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UK nurses prepare to strike

Nurses, who play a key role in the UK’s National Health System (NHS), are preparing to join a wave of strikes launched by multiple sectors demanding a reasonable salary increase in the face of rising cost of living and inflation.

Tens of thousands of nurses in England, Wales and Northern Ireland will go on a two-day collective strike on December 15 and 20.

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In the strike vote of the RCN (Royal College of Nursing), which represents nurses, for the first time in its 106-year history, the vast majority of nurses voted to go on strike.

RCN, which has more than 300,000 members nationwide, is demanding a 19 percent salary increase, while the government argues that this demand cannot be met.

On the other hand, more than 10,000 ambulance personnel and emergency service workers will go on strike on 21 and 28 December in England and Wales due to the wage hike and disagreement over working conditions.

THE NUMBER OF NURSES LEAVING THE PROFESSION IS INCREASING

 

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A study by the University of London School of Economics (LSE) revealed that nurses’ earnings lag behind those of private sector workers, especially when compared to other professions in the UK.

According to the study, nurse salaries decreased significantly from 2010-2011 to 2021-2022, while the annual turnover rate of nurses increased from 8.5 percent to 10.9 percent.

“NURSE’S WORKLOAD HAS BEEN UNSUSTAINABLE”

RCN Union Representative Claire Flatt said in a statement to the AA correspondent on the subject that nursing is a profession that requires extremely skill and is critical in terms of safety.

“Over the last 10 years, nurses in the UK have faced a pay cut of almost 20 percent in real terms, but this strike action is more than just pay,” Flatt said. said.

Stating that there is a shortage of approximately 50,000 nurses in the UK alone and that many experienced nurses have left the profession, Flatt noted that their workload has become unsustainable, leading to inadequate care and compromising the safety of patients.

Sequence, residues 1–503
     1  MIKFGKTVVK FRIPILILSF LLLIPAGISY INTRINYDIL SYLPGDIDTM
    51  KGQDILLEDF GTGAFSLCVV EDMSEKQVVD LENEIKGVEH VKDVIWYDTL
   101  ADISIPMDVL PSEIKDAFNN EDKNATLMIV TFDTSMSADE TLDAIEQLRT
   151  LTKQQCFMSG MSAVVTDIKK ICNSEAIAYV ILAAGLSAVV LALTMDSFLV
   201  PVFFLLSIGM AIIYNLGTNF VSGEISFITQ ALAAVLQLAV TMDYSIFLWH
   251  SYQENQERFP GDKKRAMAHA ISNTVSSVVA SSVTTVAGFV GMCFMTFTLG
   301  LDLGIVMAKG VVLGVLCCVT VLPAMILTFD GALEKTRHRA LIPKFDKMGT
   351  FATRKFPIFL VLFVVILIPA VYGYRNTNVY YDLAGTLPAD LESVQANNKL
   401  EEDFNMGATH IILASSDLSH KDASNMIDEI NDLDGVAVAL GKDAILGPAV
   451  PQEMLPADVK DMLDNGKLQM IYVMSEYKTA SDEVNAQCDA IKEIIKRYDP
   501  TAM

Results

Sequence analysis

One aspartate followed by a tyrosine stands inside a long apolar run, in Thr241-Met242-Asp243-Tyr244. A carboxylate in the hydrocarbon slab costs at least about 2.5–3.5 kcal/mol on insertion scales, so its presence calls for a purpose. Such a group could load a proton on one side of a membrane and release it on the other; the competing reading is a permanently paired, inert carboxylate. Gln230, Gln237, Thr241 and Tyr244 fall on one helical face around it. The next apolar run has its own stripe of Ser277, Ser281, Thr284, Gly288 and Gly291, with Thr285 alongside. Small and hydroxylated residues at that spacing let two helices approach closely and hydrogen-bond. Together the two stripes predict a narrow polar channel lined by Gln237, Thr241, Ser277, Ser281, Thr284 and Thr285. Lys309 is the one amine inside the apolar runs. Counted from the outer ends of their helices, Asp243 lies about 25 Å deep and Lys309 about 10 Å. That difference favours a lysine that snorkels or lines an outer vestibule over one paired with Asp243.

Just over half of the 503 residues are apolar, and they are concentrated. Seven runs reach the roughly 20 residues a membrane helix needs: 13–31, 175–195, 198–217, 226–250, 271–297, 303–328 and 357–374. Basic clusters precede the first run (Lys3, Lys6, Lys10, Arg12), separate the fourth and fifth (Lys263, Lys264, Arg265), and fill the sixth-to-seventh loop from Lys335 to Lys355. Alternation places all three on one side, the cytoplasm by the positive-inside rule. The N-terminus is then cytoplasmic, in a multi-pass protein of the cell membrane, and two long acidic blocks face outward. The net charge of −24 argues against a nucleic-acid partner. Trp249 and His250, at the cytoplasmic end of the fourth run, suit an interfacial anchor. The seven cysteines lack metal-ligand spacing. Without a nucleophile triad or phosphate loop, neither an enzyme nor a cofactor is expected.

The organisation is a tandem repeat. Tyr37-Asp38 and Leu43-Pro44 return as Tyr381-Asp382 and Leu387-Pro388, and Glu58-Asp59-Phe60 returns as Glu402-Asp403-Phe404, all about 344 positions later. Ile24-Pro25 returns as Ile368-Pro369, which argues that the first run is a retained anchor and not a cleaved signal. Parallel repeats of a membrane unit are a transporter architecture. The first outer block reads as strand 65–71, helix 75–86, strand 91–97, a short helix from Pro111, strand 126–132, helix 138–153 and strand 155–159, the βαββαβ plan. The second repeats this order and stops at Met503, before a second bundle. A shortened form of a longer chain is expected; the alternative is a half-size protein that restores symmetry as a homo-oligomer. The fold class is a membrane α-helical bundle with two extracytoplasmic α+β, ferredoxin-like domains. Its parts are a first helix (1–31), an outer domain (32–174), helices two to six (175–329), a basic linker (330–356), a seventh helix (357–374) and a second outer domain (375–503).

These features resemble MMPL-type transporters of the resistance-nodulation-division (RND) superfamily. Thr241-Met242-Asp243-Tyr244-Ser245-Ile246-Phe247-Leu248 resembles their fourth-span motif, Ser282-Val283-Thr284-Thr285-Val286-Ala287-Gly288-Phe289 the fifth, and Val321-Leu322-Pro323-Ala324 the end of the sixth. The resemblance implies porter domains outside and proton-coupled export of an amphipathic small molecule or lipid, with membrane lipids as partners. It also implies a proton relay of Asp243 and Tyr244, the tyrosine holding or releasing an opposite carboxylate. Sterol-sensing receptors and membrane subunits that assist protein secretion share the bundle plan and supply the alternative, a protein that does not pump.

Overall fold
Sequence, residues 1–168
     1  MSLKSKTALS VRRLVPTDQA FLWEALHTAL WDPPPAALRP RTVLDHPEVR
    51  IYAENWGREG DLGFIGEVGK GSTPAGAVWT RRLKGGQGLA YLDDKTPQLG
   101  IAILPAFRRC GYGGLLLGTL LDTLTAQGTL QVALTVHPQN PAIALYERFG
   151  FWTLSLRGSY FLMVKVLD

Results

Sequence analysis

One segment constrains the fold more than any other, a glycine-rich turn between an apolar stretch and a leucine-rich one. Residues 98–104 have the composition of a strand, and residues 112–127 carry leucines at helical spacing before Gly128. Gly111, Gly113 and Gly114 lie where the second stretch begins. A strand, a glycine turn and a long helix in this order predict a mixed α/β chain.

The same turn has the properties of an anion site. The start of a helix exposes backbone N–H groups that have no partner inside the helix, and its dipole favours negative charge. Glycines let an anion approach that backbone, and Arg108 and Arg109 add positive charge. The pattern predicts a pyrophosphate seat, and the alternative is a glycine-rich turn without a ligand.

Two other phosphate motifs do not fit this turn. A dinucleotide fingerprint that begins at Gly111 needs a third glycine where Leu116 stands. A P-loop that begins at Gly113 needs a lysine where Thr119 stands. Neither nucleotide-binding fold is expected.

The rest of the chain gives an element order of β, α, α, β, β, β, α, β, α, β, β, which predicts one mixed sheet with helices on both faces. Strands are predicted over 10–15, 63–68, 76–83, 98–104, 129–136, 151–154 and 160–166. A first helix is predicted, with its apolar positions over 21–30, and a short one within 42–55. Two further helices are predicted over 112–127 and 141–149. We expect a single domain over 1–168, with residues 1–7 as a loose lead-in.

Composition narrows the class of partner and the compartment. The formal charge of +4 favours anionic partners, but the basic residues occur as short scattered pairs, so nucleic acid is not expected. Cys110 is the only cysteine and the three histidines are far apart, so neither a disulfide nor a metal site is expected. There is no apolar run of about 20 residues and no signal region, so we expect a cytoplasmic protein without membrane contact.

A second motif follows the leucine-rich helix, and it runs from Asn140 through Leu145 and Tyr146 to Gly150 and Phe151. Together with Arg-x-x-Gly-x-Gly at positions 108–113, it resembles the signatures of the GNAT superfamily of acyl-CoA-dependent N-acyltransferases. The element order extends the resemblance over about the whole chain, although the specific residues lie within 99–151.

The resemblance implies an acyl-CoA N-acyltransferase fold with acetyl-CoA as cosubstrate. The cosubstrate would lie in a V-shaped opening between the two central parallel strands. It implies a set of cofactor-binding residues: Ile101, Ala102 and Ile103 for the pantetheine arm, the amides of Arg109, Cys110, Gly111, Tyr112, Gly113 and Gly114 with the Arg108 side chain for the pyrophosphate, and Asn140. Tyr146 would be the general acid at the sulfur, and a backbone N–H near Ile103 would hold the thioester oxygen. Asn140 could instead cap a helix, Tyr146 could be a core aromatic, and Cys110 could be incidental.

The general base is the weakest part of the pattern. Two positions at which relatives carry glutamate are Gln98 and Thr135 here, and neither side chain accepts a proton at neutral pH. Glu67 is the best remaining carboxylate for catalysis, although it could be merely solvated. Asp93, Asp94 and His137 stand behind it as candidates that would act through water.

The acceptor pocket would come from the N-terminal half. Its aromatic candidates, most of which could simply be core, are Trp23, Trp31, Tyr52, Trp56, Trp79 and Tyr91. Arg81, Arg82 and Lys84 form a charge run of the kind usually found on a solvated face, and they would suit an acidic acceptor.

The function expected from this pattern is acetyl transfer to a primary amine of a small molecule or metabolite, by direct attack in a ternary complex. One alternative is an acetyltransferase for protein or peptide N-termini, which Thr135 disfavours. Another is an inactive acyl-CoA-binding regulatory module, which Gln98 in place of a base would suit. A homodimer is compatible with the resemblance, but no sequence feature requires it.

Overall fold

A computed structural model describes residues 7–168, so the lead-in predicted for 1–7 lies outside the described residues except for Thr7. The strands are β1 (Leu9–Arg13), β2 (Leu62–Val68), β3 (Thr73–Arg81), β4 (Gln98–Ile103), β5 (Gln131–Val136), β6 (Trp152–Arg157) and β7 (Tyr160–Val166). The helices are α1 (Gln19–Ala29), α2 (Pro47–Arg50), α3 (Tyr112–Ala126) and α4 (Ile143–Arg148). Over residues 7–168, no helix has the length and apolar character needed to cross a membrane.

“GOVERNMENT SHOULD KEEP NURSES IN THE SYSTEM BY VALUING”

Nurse Maria Kublova, who works at University College Hospital in the capital, London, also said that the government should make a fair wage increase for nurses.

“In addition to paying nurses fairly, the government should focus on keeping nurses already in the system and making them stay longer by giving them more value,” Kublova said. used the phrase.

Pointing out that the government has not changed its stance on the wage dispute despite the strike decisions taken by many sectors, Kublova added that she hopes the nurses’ strike will activate the government.

“THE COUNTRY POLICY DOES NOT TRAIN ENOUGH NURSES”

Pakize Durmaz, an experienced nurse working in the NHS, stated that there was a great staff shortage in the nursing profession when she first came to England 20 years ago, adding, “Unfortunately, the country does not train enough nurses here.” made its assessment.

Stating that one of the reasons for this is that training more nurses in England causes high costs, Durmaz stated that it is less costly to bring nurses from abroad.

On the other hand, Durmaz pointed out that the only reason for the nurses’ action to quit their jobs was not the disagreement about the salary increase and continued as follows:

“What happens when there is a shortage of nurses when the workload increases? You cannot provide safe care to patients as you would like, and this puts nurses under a great deal of stress. Nurses are already tired, which makes them think that the government is not listening to them, and thus the safety of patients is also in danger.

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